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Penal Laws

The Penal Laws for Ireland between 1723 and 1782, were imposed in an attempt to compel Irish Roman Catholics and Protestant dissenters to conform to the established faith of the Anglican Church, or Church of Ireland, and being forbidden to travel to the continent to be educated. These Penal Laws specifically targeted education by the Catholic religious orders, whose wealthier establishments were sometimes confiscated. These laws were further reinforced by the Act of Union of 1800 by Article V which “united the established Church of England and Church of Ireland into "one Protestant Episcopal Church, to be called, The United Church of England and Ireland"; but also confirmed the independence of the Church of Scotland.”

In total defiance of these Penal Laws, Bishop of the Diocese of Cloyne, Doctor William Coppinger (1753 - 1830) who hailed of Barryscourt, with Bishop Francis Moylan (1735 - 1815) of Cork Diocese were instrumental in returning Nano Nagle (1718 - 1784) from Paris to her native Cork, a as a member of the Ursuline order. Here Nano established her seven schools across Cork City for the poor Catholic children of the City between 1754 and 1757; the first of which was at Cove Lane, the site of the South Presentation Convent. By 1802, Edmund Ignatius Rice (1762 - 1844) established his Christian Brothers Order, and his first school in Waterford. Then some years later in Cork City he established Presentation Brothers.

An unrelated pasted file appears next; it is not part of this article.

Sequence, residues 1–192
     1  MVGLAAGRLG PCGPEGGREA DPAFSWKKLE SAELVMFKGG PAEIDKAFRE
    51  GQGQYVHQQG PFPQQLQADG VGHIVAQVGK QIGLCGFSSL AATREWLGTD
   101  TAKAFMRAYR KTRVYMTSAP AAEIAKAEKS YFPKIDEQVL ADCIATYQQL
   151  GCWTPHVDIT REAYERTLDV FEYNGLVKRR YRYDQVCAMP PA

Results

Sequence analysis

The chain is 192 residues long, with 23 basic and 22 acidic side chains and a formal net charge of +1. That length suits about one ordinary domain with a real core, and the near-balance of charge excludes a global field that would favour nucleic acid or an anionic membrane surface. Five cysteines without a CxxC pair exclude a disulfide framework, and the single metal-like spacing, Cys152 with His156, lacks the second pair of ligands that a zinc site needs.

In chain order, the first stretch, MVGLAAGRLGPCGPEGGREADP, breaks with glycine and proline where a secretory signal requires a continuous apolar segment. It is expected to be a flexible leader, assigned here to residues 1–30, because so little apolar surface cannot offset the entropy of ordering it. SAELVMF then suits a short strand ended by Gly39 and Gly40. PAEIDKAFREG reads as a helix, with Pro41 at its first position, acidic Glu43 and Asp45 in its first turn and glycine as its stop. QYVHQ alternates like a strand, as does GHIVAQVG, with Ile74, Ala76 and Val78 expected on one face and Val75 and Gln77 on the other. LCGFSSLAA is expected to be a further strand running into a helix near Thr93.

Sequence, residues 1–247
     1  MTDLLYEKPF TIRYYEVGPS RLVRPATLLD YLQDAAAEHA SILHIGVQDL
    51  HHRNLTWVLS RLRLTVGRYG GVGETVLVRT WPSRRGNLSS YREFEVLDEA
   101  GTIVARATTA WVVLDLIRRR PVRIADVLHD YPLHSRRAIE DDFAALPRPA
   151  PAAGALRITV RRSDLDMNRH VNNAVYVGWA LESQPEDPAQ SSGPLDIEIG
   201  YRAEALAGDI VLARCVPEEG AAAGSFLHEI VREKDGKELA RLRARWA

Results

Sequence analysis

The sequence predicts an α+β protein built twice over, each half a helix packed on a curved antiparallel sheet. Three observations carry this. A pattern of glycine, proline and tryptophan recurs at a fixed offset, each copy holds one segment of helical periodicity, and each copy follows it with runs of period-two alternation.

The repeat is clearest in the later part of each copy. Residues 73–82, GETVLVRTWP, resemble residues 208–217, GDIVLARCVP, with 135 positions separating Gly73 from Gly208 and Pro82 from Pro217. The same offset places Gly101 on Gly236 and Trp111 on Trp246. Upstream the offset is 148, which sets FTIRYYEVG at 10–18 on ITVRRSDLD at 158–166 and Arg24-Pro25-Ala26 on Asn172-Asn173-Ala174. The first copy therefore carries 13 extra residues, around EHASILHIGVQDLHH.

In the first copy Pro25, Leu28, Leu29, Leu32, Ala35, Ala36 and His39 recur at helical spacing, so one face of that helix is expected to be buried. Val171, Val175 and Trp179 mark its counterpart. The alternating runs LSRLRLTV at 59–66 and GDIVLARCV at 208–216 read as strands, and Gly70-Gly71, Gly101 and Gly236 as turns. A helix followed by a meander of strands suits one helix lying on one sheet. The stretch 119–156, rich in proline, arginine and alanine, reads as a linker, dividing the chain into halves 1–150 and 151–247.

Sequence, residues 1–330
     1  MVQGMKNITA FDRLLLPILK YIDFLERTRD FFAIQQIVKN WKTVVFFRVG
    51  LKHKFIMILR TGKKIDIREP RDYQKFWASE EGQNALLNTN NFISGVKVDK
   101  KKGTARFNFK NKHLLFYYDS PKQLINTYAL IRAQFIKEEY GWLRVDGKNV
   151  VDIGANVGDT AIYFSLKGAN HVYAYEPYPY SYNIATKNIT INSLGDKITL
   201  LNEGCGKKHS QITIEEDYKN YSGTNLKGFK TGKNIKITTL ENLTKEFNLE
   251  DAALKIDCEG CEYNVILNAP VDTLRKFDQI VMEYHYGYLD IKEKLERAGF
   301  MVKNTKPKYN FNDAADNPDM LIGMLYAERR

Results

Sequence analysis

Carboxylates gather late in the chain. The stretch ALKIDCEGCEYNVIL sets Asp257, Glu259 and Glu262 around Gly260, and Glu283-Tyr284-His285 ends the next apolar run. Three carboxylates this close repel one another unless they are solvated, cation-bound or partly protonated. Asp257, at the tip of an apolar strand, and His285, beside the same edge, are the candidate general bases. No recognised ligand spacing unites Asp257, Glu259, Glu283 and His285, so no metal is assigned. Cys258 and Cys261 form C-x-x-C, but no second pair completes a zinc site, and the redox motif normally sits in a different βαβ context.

In a letter published by the Dublin Weekly Recorder, 4th May 1822, Bishop of Cloyne and Ross, William Coppinger made the following observation in relation to Carrigtwohill:

“… I then returned to the diocese of Cloyne, where, in the Parish of Carrigtwohill, I found three schoolmasters with 171 scholars.”